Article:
The road to becoming a professional footballer is a long, hard-fought one – requiring patience, endeavour and, especially when luck deserts you, perseverance.
Recently one of seven scholars to put pen to paper on their first professional contracts, everything that Sam Caiger does, he does with drive.
The 18-year-old defender is a popular character around the Academy of Football, but his attainment of professional footballer status is more so a reflection on his outstanding diligence and determination.
Just weeks after representing England at Under-16s level, and having penned a two-year scholarship at the Academy, Caiger suffered serious injury which would rule him out for the best part of a year – a tough blow for any young athlete.
But Caiger refused to allow this to define him, and has battled back to impress with both the Under-18s and Under-23s this season, showcasing his talent through fine form.
“It’s just amazing for me and my family,” Caiger told whufc.com. “Obviously I was out for a while with that big injury, so it means that extra bit more to sign my first professional contract. It’s a proud moment for us.
“I would like to thank [physiotherapist] Anthony Johnstone and [Head of Academy Science and Medicine] Tom Smith. If it weren’t for them, I probably wouldn’t be a professional right now.
“It was difficult when I first came back. I just kept getting lots of little injuries. My body just wasn’t using to playing 90 minutes every week, so it took a while to find my old self, but I found it and I did well over the season.
“While we’ve been in lockdown I feel like I’ve got myself in even better shape for next season, so hopefully, when it’s safe for us to come back, I can do even better.”
Having started out at Welwyn Garden City at Under-6s level, Caiger’s talents were identified by West Ham at a Premier League youth tournament, and he joined the Club late on in the Under-11s’ season.
His progression was fast – but demanded pragmatism from the youngster.
“When I was younger I was probably one of the tallest in the team, but as I’ve gone through the age groups, I’ve become one of the smallest!” Caiger joked.
“When I was younger I used to use that as an advantage, but now I’ve had to change my game up because I’m small and quick, so I’ve learned to use that instead of being tall and powerful.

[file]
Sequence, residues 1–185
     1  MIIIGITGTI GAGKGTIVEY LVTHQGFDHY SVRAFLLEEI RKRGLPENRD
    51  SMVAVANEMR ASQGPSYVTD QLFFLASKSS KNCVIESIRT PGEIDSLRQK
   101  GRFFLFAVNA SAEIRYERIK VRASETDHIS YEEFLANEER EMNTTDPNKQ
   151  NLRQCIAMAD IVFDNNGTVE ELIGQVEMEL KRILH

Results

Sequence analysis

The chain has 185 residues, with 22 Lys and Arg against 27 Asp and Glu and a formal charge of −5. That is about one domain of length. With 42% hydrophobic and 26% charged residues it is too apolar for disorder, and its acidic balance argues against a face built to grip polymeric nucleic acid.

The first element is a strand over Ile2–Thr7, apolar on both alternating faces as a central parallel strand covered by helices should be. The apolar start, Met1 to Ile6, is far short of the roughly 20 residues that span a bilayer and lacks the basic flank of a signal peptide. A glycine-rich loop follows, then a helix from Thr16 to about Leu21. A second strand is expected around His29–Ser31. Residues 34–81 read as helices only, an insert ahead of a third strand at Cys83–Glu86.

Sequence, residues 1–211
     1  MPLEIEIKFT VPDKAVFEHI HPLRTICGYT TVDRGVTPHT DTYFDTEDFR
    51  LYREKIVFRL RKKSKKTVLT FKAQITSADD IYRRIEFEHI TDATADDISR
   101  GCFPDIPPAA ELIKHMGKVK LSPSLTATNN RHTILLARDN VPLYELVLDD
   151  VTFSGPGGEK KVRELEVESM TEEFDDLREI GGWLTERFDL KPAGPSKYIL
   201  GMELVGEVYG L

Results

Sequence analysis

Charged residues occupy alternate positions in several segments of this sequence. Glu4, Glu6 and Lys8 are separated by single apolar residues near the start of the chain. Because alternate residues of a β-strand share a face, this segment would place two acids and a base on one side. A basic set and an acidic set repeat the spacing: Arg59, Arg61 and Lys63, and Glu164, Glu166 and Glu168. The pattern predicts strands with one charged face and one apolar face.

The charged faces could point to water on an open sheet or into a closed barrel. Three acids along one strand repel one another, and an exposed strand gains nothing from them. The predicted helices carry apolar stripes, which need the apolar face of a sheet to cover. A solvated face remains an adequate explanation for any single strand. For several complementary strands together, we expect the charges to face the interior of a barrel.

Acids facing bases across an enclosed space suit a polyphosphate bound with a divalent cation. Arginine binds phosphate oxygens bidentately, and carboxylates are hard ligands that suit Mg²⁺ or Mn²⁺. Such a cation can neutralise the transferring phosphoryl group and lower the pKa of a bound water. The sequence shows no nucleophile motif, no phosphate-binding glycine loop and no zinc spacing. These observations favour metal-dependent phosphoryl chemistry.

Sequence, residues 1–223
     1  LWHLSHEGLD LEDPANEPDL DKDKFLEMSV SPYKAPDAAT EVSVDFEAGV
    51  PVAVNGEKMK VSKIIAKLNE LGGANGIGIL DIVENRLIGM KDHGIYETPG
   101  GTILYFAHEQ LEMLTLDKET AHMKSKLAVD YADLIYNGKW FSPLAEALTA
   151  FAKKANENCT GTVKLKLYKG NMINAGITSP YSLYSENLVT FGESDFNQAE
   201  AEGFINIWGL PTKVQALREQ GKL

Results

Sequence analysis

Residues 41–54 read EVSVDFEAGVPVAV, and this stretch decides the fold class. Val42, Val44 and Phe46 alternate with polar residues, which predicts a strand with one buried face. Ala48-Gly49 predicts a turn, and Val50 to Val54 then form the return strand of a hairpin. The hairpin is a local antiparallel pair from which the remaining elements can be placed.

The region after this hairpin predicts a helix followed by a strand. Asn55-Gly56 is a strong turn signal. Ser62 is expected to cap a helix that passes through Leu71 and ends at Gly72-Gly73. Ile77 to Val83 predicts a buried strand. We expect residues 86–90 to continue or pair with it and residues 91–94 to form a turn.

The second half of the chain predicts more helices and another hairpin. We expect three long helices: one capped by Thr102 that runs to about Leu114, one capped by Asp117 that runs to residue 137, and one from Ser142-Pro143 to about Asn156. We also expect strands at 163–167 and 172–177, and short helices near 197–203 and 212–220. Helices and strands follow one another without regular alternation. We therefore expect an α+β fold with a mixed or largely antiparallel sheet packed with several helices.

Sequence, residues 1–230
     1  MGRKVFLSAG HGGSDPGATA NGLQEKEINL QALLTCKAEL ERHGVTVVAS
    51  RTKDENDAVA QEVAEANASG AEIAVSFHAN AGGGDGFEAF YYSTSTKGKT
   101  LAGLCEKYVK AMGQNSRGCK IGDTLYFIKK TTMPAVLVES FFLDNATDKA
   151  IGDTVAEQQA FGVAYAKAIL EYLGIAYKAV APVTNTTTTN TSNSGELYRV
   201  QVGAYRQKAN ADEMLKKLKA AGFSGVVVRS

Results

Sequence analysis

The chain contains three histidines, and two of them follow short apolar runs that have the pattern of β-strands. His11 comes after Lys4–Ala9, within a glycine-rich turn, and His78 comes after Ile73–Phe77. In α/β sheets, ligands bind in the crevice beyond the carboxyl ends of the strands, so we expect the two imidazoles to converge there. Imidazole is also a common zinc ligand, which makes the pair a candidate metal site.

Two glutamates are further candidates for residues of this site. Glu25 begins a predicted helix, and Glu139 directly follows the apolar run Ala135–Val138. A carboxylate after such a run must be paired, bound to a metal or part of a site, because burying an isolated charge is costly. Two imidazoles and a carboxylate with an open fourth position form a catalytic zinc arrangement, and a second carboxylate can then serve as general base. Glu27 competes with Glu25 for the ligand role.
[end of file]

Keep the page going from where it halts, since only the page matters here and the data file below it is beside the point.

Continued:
“I made my U18s debut when I was 14, and then at Under-16s I played for England. I’ve had a great time so far here.
“Representing West Ham with England was a massive highlight. I was away for ten days – we went to Scotland, and we played against Uruguay, Scotland and Qatar. It was pretty sick!
“Those were my last games before my injury, so hopefully in the next few years, I can make that international step-up again – we’ll wait and see.”
Quick and tough in the tackle, Caiger is an attacking full-back with a penchant for the spectacular – as evidenced by his sensational curling effort to open the scoring in a 2-1 win at home to Tottenham U18s last September.
“I’m an attacking full-back who likes to defend as well,” Caiger explained. “I do like to get in opponents’ faces, which I think’s a good thing!
“I love scoring, considering I’m a defender – goals win you games and there’s no feeling like it. I want to score another goal like that Tottenham one!”
Looking to the future, Caiger draws inspiration from an Academy of Football graduate and friend he knows very well.
“I look up to Declan Rice,” he said. “We all know his story – he was at the Academy, and soon after he’s one of the best players at West Ham. That’s something you’ve got to look up to.
“I lived in the Academy digs with him for a while and he was quite a funny lad. He loves banter, and he shaved my hair for charity! It just goes to show that it’s not as far away as it seems. You never know what’s around the corner.
“I’ve set myself a target for the time being, and that’s to get myself in the best shape possible. That’s my main priority, being as sharp and fit as I can. If I can do that, I know I can do well.
“I want to be a Premier League footballer and make as many Premier League appearances as I can – and then see where that takes me.”